Much has been said about COVID-19’s acute impact on African-Americans and other vulnerable populations in the United States, but in Canada, the conversation has largely revolved around how little can be said. With the recent exception of Toronto, the nation has yet to systematically collect the disaggregated data needed to assess whether COVID-19 is affecting some communities more than others, while some politicians have dismissed the importance of such data in the first place.
To address this gap, Tanya Sharpe, founder and director of The Centre for Research and Innovation for Black Survivors of Homicide Victims (The CRIB) and an associate professor of social work at the University of Toronto, decided to initiate a weekly Instagram Live conversation on the pandemic’s particular impact on vulnerable communities. Taking place every Wednesday at 8:30 p.m., the aptly named 30@8:30 series features Dr. Sharpe and a guest in candid and impassioned conversation about COVID-19’s relationship to structural violence, the pandemic’s impact on incarcerated people, trauma and more.
University Affairs: Why did you want to create this series?
Tanya Sharpe: I founded and launched The CRIB, and then poof – COVID-19 hits. We needed to shift our physical presence online. Having a background in mass violence and disaster work, I knew that it was going to be a minute before we probably got out of this pandemic.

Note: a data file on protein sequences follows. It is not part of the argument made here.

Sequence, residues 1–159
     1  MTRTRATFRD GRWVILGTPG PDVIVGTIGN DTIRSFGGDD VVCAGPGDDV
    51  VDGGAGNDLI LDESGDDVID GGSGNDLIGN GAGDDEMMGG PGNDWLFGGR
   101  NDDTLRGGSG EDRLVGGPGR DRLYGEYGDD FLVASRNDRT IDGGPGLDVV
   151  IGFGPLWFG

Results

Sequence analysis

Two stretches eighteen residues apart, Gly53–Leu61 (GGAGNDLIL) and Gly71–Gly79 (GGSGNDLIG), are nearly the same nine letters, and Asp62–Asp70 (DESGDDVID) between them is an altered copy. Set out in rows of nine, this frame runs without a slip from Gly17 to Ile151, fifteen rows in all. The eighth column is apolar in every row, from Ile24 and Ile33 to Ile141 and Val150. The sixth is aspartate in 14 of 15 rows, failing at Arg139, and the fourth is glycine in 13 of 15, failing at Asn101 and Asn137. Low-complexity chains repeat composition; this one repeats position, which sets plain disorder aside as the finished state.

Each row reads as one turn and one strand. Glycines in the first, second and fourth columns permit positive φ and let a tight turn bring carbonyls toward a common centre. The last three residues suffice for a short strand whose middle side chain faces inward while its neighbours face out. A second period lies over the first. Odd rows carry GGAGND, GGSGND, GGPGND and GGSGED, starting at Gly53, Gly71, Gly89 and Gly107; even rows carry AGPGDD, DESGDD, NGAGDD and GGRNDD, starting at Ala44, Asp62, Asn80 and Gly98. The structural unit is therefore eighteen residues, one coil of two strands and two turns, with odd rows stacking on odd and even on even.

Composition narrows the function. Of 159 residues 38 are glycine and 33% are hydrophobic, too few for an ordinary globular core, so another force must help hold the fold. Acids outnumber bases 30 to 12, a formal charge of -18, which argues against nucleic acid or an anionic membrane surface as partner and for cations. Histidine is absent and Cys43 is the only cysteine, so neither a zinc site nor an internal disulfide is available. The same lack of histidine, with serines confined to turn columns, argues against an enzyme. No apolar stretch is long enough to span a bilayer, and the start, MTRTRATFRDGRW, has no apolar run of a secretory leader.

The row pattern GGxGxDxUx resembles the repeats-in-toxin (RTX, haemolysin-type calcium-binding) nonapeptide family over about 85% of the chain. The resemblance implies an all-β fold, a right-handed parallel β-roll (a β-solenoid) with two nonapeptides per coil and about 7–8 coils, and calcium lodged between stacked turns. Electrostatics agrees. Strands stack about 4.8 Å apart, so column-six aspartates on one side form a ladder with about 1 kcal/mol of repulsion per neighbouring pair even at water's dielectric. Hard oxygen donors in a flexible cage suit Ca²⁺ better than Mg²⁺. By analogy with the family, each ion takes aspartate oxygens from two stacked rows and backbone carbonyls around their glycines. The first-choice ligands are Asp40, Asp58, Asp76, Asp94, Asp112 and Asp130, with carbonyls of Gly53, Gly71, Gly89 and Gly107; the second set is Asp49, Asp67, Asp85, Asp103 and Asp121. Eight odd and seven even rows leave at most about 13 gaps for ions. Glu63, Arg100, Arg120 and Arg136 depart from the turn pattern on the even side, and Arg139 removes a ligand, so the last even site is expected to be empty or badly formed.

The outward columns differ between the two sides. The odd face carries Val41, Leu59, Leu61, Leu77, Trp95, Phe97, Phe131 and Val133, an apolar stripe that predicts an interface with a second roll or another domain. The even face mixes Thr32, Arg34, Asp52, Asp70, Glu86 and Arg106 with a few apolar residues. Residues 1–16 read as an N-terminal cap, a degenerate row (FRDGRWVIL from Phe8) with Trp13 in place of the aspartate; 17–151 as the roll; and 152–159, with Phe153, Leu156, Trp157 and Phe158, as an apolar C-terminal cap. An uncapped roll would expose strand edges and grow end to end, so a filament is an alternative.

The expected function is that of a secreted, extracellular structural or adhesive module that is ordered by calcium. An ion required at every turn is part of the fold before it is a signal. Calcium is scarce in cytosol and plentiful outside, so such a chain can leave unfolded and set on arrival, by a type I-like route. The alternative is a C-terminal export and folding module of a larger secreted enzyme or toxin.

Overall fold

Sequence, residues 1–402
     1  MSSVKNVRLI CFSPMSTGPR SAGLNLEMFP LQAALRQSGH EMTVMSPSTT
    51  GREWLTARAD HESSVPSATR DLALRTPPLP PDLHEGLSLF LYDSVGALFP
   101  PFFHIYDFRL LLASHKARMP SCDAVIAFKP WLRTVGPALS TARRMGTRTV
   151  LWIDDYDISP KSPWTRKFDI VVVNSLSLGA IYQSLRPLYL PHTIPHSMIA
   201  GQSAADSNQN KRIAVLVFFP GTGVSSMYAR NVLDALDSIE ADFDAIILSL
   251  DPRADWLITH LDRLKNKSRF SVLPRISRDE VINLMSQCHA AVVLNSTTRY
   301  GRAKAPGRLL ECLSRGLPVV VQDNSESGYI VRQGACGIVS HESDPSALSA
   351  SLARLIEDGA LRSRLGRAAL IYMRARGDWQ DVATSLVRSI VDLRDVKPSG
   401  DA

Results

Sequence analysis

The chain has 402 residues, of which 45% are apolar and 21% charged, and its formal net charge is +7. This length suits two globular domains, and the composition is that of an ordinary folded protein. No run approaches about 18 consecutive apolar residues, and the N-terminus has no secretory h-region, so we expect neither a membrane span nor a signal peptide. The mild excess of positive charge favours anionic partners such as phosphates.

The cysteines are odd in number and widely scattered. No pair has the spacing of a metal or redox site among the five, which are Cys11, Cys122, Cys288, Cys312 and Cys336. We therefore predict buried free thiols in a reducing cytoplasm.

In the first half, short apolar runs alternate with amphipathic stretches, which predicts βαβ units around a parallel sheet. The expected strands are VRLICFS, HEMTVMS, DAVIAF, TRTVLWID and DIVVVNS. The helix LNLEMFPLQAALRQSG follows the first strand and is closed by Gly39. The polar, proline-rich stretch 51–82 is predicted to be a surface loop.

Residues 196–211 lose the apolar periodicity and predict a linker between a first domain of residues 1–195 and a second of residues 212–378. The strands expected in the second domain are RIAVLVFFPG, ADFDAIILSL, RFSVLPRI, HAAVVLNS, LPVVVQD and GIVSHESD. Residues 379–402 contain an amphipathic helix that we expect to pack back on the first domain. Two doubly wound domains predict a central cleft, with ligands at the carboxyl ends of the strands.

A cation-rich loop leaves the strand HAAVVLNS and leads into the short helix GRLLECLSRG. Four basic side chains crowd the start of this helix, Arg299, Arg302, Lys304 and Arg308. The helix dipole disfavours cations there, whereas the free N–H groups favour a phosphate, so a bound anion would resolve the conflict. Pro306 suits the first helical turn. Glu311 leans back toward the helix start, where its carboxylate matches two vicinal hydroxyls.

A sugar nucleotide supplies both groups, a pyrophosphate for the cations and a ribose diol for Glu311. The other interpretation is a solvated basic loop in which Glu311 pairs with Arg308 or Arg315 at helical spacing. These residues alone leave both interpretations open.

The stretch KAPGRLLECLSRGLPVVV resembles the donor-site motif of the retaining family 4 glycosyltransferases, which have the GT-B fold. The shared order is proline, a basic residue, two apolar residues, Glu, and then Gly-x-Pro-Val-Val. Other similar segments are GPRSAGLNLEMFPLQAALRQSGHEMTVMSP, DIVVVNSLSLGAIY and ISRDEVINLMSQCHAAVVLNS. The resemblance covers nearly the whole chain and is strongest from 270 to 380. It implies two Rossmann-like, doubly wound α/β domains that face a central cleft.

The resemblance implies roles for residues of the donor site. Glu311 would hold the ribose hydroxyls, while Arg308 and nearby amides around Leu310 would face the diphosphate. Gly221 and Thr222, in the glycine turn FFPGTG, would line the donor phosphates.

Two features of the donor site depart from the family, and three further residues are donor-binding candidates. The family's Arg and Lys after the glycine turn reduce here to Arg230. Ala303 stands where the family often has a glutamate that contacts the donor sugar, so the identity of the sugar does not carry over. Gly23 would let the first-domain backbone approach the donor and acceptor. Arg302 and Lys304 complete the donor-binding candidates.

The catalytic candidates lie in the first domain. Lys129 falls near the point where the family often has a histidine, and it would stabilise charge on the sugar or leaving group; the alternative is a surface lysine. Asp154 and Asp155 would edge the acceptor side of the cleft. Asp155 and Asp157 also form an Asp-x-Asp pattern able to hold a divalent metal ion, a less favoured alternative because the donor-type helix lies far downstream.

The other reason was to be able to help individuals understand that, so often, marginalized, disenfranchised and racialized communities are left out of predominant discourses about how COVID-19 is impacting them. How do we shed light on some of the most vulnerable communities that are overwhelming and disproportionately impacted by COVID-19, both in the U.S. and in Canada? How do we begin to uplift that into the dialogue for the purpose of finding a pathway forward?
UA: What particular challenges are vulnerable communities facing during this pandemic?
Dr. Sharpe: All of our guests have said it in different ways: The disproportionate impact of COVID-19 on Black, racialized, Indigenous and Latino communities, are the same disproportionate structural inequalities that we saw before COVID-19. Because of inequitable access to quality housing, many families, particularly families of colour, don’t have the luxury to go to a separate room or a basement to distance themselves if someone tests positive for COVID-19. That impacts the number of individuals that we will ultimately see test positive for COVID-19 – and perhaps even die from it. The incarcerated, who, again, are disproportionately from Black and brown communities, don’t have the luxury of social distancing in prison. Policies are being created to release [some] individuals, but when they’re released from prison, where do they go in terms of housing? Where do they go in terms of employment opportunities? It’s this vicious cycle.